Campo Viejo is our go to Rioja. Its rich flavour is so comforting, the red particularly on winter evenings (plus its stocked in our local tesco and isn’t expensive!). If you buy wine yourself you’re probably familiar with the brand, which has distinctive yellow and orange labels. So, when I saw on facebook that Campo Viejo were hosting a Spanish supper club in Manchester, I jumped at the chance.
This was to be our second supper club of the year and it seemed we were in for a good night. £40 for five courses cooked by Xabi Bonilla, a San-Sebastian native with Michelin-starred kitchen training. This would be accompanied by Campo Viejo wine with each course – which I already knew I liked 😄 However, the night ended up far exceeding my expectations.
**Spoiler alert**: If you’ve found my blog because you’re thinking of attending a Casa Campo Viejo event, my post goes on to detail all the surprises of the night. If you’d rather attend without spoliers stop reading now.
Throughout the evening Maria shared her wine knowledge with us, especially focussing on the Rioja region. After a brief introduction to the evening we were called through to the main room for our first ‘activity’. Cue worried faces. No guest was expecting activities. We all thought we were there for a lovely evening of Spanish food and wine.
As we each entered the room, the waiting staff passed us a white lab coat. It was then the activity became clear – we were blending our very own bottles of Rioja!
Maria explained that unlike many wines, Rioja isn’t a grape variety, but a region. Each bottle of Rioja wine is a blend of various grape varieties. This is also why Rioja can be red (Rioja tinto), white (Rioja blanco) or rosé (Rioja rosado).
Each guest was provided with three bottles of un-blended Campo Viejo Rioja (tempranillo, graciano and mazuelo) and five tasting glasses. Alongside was equipment reminiscent of a school science lesson: a glass beaker, measuring cylinder and funnel.
After tasting each of the provided grape varieties, it was up to each guest to try blending their own creation. We each got a few goes before deciding on our favourite, which we then made a bottle of.
This opening activity was unexpected, but lots of fun. We even got to take our completed bottles home with us. I opted for 25% tempranillo, 60% graciano and 15% mazuelo. Graciano had the highest tannins of the three bottles, which I preferred. Lee went for a more even split of our two favourite grapes, choosing to do 45:45:10. Both taste great.
Following the opening activity, we headed over to the table for dinner. All 30 or so guests were seated around one large table, making this an evening of meeting new friends. Our menu for the evening consisted of classic Spanish dishes alongside more contemporary Spanish cuisine.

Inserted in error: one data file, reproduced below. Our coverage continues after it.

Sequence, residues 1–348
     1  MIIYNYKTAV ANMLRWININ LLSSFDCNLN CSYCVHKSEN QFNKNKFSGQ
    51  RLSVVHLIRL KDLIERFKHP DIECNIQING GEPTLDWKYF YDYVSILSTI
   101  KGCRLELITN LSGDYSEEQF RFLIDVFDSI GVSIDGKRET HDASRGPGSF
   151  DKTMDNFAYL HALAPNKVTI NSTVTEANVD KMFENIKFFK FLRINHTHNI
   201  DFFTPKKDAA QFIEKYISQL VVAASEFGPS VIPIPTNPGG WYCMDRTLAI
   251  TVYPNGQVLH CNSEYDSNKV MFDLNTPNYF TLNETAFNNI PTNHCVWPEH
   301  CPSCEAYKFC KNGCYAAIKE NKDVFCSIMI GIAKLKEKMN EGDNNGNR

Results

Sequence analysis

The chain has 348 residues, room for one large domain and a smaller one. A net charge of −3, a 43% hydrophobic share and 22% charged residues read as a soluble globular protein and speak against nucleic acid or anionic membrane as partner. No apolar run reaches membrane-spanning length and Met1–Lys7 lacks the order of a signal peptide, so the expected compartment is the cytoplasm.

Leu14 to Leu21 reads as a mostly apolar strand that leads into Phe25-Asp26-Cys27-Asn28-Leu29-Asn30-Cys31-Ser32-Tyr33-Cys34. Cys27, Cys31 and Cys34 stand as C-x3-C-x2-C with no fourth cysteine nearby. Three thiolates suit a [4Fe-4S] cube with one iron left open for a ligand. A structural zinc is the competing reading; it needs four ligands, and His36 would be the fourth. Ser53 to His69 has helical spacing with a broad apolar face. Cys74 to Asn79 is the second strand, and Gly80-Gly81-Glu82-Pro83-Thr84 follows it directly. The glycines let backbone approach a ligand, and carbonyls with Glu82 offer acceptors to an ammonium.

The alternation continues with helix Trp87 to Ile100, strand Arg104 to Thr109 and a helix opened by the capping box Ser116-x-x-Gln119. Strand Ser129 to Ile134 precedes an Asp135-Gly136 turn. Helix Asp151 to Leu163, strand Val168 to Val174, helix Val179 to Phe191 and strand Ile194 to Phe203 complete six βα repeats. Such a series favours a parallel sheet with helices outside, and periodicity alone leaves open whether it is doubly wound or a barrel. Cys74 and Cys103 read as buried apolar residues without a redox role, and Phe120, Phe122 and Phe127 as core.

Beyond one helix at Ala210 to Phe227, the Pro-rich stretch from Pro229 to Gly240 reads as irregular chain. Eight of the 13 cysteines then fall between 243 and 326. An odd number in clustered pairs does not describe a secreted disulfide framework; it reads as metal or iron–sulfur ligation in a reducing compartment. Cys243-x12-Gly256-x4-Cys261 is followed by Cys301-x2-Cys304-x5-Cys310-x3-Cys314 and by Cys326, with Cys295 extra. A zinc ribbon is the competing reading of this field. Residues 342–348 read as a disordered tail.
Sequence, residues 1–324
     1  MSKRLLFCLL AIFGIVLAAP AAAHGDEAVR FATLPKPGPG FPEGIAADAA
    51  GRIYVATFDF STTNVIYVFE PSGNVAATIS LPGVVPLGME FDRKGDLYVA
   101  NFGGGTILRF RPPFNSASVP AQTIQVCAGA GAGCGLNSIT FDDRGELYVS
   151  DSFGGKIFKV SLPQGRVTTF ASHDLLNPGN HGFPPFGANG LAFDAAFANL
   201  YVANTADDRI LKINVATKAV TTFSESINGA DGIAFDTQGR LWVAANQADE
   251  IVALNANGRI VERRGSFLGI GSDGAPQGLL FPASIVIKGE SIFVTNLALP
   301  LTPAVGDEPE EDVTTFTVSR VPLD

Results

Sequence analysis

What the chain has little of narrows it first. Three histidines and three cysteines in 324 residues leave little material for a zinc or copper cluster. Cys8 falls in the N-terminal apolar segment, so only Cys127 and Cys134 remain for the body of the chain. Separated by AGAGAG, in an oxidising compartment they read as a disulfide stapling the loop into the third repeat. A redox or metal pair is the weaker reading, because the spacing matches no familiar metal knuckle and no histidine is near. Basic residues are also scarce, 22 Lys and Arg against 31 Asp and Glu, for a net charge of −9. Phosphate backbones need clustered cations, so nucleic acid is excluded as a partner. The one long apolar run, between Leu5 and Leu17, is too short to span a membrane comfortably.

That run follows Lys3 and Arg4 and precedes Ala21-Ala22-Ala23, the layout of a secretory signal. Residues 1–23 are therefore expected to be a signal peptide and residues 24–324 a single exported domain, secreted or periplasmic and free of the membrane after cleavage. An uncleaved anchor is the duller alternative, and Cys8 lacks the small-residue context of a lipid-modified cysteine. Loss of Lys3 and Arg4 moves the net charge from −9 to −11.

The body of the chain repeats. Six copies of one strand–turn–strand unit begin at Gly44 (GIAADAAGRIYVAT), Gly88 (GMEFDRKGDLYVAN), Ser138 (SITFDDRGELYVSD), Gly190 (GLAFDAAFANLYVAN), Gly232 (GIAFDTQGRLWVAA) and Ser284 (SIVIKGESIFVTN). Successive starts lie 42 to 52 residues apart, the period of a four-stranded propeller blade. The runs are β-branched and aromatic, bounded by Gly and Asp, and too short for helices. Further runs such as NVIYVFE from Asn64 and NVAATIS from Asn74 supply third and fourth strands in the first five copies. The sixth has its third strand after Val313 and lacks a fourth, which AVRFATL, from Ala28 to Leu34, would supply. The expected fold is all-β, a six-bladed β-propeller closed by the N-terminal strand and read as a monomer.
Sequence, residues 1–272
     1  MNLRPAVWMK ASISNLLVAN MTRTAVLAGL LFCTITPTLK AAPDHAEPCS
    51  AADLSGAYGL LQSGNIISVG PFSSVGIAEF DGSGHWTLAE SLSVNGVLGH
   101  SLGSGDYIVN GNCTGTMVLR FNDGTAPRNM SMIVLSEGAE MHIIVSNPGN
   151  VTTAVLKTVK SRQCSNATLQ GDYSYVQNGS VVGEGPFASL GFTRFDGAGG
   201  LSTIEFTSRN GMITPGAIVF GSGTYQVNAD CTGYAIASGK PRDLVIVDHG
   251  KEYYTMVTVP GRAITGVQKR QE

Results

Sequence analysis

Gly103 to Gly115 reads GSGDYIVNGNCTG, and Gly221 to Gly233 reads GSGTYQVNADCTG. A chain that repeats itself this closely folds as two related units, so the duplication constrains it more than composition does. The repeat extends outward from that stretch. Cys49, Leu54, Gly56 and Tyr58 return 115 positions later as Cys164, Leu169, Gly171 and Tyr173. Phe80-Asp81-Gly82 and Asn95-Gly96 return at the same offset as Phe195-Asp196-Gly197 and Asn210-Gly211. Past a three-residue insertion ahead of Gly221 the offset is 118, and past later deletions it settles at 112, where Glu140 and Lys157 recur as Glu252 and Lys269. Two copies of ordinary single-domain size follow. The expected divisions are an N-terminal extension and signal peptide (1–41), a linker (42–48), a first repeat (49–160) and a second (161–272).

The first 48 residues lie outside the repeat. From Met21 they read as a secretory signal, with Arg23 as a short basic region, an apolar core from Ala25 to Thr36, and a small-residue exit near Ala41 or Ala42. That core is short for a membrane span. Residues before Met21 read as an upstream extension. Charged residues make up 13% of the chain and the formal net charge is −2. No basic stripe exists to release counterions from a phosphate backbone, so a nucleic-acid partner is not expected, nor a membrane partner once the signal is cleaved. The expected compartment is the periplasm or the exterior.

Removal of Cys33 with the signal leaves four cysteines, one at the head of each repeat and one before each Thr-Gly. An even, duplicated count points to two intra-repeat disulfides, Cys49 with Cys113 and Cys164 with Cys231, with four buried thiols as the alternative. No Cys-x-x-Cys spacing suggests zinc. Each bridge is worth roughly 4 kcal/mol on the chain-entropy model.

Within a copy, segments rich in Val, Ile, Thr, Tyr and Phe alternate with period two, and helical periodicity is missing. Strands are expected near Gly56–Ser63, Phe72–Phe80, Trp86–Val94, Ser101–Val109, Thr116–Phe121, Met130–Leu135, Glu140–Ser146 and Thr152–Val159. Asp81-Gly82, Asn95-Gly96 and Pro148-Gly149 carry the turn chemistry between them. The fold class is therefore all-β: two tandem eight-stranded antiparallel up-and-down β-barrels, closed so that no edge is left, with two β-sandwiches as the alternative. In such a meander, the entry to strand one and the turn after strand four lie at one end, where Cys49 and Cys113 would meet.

We enjoyed a very traditional Spanish tortilla to start, served with sourdough tomato bread. Simple, comforting and tasty. Next up was a mushroom and black truffle potato ravioli, which had a fantastic garlic cream sauce and basil oil. The flavours in this dish were fantastic and complemented by the Viura-Tempranillo accompanying it. My favourite dish of the evening.
The third course was ‘codfish with piperrada and romescu sauce’ – a dish packed with authentic rich Spanish flavours. The rich accompaniments meant this dish had the option of being served with white or red Rioja. It was only due to having consumed so much red during the blending, that myself and Lee both opted for white.
An unexpected interlude
Before the next course we were called back to the tables we’d done our blending at. Only now, each place was set with three black wine glasses, a small strip of paper, a score sheet and some rather hippie-looking circular red and green glasses.
To kick off the exercise we were told to place the strip of paper on our tongue and raise our hand when we tasted the bitterness. Some raised their hands almost instantly. Others didn’t raise their hands at all! This was to demonstrate just how different peoples taste buds are and is why we don’t all have the same favourite wine.
Next up came more tasting. Each of the three glasses was sampled with 1. no glasses, 2. red glasses and 3. green glasses. We rated each glass on how it tasted on our score sheet. Despite guessing early on that the wines were probably all the same, the taste really did seem to change with the different colour lenses. Maria then revealed that the wines were indeed the same; Campo Viejo Reserva.
Back to the meal
Last up was ‘Crema Catalana foam accompanied with fruit “sand”‘. This distinctly traditional dish from Catalonia was given a modern twist by Chef Xabi through making the creama foamy and therefore lighter. Mixed in were berries and ginger biscuit crumbs. Alongside we had a glass of Campo Viejo Cava, which I’m not sure I’ve had before, but going forward I may well enjoy as a prosecco alternative. This dish was a lovely light finish to the evening.
Casa Campo Viejo Supper Club
The Casa Campo Viejo supper clubs are going to be popping up in other UK cities over the coming months. You can find them on eatwith.com when they’re available. If you get the chance to attend I highly recommend it. I’ll be keeping my eyes peeled for more events at The Loft in Manchester in the hope of attending similar events in the future. In the meantime, we have two unique blends of Campo Viejo Rioja to enjoy 😄
Note: Like all my blog posts, views are my own. I was not invited to write this review or paid to attend the event.